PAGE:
How to Dress for Success . . . Not You! Your Products!

Author: Jarrod Davis

Retail analysts confirm that a consumer’s purchase decision is likely to change in-store.package design They plan, research, and make the trip, but may switch at the point of purchase. Leading factors that tempt a shopper to switch in the aisle include price, better information on a competing brand, or added value. All of this is communicated through the best salesperson for any supplier: the product package design.

Jessica Hendrix, CEO of Saatchi & Saatchi X spoke to this recently during Focus on Suppliers. With so many brands to choose from and new ways to shop, the importance of package design has grown for suppliers.

Know Your Customer

Customer insights are essential when designing your product’s package. When you identify your target demographic, it’s important to understand what they need to see jump off a package to make the sale. Your package may need to scream:

  • Ingredients
  • Added bonus items
  • Graphic of product in use
  • Environmental benefits

It all depends on your core shopper’s preferences. Hendrix explains the value of insights for in-store and line shoppers:

“We can all agree package design is key to capturing a shopper’s attention,” she says. “With changing behaviors, brands now have to create packaging to draw interest on both the physical and the digital shelf. When you’re deciding what information to include in your designs, the value of insights about your shopper is on the rise.”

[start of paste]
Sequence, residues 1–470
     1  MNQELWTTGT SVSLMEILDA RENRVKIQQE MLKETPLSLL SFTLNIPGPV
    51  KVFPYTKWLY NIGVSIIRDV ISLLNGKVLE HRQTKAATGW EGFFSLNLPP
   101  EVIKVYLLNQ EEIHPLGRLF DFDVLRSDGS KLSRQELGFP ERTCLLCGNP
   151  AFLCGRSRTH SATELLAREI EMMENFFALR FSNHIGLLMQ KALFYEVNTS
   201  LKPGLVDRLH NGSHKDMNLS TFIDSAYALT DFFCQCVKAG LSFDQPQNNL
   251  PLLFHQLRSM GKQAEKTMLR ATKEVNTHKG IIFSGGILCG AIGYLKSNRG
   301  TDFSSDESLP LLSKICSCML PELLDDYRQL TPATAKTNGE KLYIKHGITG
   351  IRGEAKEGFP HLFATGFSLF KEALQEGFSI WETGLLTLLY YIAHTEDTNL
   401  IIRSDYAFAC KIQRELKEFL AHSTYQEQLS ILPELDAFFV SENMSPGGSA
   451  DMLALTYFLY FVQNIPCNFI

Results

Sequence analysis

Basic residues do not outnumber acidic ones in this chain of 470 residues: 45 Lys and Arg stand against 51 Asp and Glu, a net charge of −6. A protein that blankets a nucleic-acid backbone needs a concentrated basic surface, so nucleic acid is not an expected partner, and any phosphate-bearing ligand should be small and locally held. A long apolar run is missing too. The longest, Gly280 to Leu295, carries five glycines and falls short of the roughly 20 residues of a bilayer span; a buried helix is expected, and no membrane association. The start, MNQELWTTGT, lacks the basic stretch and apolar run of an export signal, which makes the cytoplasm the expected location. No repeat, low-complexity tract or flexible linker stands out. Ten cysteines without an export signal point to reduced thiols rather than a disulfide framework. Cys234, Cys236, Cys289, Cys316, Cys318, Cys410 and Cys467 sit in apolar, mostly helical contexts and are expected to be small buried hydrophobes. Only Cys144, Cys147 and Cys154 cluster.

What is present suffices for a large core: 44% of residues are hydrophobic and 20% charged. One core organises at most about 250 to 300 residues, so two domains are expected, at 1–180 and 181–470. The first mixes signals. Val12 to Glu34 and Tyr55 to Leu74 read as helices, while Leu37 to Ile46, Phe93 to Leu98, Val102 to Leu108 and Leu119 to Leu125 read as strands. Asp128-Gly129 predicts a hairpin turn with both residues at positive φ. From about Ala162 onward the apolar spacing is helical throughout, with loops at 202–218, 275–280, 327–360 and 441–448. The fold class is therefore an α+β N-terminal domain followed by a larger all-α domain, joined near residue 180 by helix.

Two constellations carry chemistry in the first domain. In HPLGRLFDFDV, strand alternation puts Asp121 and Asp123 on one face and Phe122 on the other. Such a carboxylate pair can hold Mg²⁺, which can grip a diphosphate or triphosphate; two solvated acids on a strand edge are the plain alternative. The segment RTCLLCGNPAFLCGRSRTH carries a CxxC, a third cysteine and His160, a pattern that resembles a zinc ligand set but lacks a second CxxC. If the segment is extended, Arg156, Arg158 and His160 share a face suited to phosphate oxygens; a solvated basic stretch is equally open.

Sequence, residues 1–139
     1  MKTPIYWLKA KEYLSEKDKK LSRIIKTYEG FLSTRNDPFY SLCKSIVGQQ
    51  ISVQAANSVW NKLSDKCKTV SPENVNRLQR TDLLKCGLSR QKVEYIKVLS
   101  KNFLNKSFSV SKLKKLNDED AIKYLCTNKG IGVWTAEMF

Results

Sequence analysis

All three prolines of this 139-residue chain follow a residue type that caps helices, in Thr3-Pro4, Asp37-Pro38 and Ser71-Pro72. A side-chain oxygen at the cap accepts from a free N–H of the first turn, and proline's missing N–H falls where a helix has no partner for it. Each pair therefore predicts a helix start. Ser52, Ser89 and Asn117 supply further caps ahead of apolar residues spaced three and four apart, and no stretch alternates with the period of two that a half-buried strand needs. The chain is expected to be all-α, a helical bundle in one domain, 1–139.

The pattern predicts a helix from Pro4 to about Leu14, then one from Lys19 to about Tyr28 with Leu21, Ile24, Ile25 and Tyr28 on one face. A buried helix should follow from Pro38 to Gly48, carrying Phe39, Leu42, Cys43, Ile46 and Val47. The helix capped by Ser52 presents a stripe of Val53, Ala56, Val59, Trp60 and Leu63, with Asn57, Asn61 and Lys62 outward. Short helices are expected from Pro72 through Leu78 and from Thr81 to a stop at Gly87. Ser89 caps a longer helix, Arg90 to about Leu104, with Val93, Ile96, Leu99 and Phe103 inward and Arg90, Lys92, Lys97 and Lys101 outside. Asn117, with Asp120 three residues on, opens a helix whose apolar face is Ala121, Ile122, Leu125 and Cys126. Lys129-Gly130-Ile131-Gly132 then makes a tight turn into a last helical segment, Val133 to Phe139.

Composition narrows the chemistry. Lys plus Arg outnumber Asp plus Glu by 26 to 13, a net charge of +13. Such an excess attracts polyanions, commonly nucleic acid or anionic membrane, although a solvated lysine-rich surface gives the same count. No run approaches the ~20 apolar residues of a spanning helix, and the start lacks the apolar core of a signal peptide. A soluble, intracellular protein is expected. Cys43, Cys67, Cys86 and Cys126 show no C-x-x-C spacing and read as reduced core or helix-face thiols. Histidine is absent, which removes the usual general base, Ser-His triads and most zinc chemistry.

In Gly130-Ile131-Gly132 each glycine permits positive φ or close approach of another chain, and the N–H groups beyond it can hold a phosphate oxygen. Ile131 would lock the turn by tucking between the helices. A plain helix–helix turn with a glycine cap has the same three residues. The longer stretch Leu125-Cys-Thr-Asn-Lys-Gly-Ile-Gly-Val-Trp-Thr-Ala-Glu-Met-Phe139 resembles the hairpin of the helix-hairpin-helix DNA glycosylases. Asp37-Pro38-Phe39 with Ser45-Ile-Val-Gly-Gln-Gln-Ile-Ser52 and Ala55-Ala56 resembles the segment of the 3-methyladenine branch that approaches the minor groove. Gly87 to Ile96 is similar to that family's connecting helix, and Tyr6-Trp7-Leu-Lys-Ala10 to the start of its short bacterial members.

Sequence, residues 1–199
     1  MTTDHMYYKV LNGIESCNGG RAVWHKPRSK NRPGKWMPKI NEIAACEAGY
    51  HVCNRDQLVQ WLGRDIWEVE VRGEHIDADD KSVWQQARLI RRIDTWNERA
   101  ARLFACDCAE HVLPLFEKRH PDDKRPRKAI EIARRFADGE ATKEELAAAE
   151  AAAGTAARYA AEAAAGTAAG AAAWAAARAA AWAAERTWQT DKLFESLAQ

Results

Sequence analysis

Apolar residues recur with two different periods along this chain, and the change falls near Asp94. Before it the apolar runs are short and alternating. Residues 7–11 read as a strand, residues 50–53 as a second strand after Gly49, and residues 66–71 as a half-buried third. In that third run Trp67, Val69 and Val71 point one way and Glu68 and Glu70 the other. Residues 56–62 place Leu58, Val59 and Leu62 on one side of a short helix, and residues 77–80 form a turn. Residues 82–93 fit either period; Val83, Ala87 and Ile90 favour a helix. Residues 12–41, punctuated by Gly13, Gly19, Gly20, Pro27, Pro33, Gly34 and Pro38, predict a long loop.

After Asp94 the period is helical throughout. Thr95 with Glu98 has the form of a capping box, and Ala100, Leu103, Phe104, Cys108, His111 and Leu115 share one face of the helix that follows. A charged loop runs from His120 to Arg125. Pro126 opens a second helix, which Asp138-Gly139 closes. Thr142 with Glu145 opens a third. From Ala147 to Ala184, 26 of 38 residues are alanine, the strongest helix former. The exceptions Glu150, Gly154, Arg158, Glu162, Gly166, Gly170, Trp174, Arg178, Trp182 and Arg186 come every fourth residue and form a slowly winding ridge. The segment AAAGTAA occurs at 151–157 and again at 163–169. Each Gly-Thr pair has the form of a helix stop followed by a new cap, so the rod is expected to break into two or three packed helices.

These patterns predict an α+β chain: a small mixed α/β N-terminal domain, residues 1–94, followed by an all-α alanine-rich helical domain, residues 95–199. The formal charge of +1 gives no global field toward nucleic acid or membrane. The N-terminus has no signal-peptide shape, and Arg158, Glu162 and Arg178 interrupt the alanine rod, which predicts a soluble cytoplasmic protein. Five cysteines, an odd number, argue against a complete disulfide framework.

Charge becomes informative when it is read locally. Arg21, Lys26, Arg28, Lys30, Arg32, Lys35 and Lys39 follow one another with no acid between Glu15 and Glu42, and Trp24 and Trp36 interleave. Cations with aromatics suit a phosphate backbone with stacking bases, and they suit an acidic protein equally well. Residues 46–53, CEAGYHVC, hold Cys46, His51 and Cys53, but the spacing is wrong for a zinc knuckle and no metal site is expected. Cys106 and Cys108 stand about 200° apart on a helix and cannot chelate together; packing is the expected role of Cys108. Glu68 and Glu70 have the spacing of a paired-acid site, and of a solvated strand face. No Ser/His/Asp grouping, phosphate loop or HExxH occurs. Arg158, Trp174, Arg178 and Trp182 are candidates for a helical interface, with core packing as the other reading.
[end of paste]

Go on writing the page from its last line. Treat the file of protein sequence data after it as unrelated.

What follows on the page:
One Package, Two Shopping Experiences

package designPart of knowing your customer is insight into how he/she shops for your product. How do online sales compare to in-store purchases? This data shows where you may be losing sales, and the possible need to redesign your packaging.

“One package has to speak to audiences shopping in two completely different ways,” Hendrix continues. “Smart brands have already realized this and are going a step further by rethinking their entire approach: package design, size, and even the product design itself.

“Here’s one more thing to consider: In a store, you compete with your on-shelf neighbors for the shoppers’ attention. But online, the distraction is all but taken away.”

Customer Is Key to Package Design

Every decision in the design process needs to have purpose for your audience. Hendrix concludes by stressing the need to keep this focus, no matter where they shop.

“Whether you’re reworking the packaging itself or how to highlight it on physical and digital shelves, shopper insights matter now more than ever in this new omni-channel world.”



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